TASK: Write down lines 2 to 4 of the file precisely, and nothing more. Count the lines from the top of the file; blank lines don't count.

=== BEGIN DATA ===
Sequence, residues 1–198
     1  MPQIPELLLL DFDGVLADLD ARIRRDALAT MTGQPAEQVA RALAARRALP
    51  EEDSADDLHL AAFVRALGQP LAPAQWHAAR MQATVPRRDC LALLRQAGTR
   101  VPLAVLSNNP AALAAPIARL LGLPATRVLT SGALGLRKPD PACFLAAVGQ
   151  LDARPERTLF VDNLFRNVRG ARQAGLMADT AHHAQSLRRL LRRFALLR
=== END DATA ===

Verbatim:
     1  MPQIPELLLL DFDGVLADLD ARIRRDALAT MTGQPAEQVA RALAARRALP
    51  EEDSADDLHL AAFVRALGQP LAPAQWHAAR MQATVPRRDC LALLRQAGTR
   101  VPLAVLSNNP AALAAPIARL LGLPATRVLT SGALGLRKPD PACFLAAVGQ